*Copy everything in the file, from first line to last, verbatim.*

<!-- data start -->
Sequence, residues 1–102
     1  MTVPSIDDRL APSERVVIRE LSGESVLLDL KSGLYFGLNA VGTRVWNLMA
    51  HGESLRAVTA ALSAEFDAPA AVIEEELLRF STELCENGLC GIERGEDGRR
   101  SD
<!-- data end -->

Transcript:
Sequence, residues 1–102
     1  MTVPSIDDRL APSERVVIRE LSGESVLLDL KSGLYFGLNA VGTRVWNLMA
    51  HGESLRAVTA ALSAEFDAPA AVIEEELLRF STELCENGLC GIERGEDGRR
   101  SD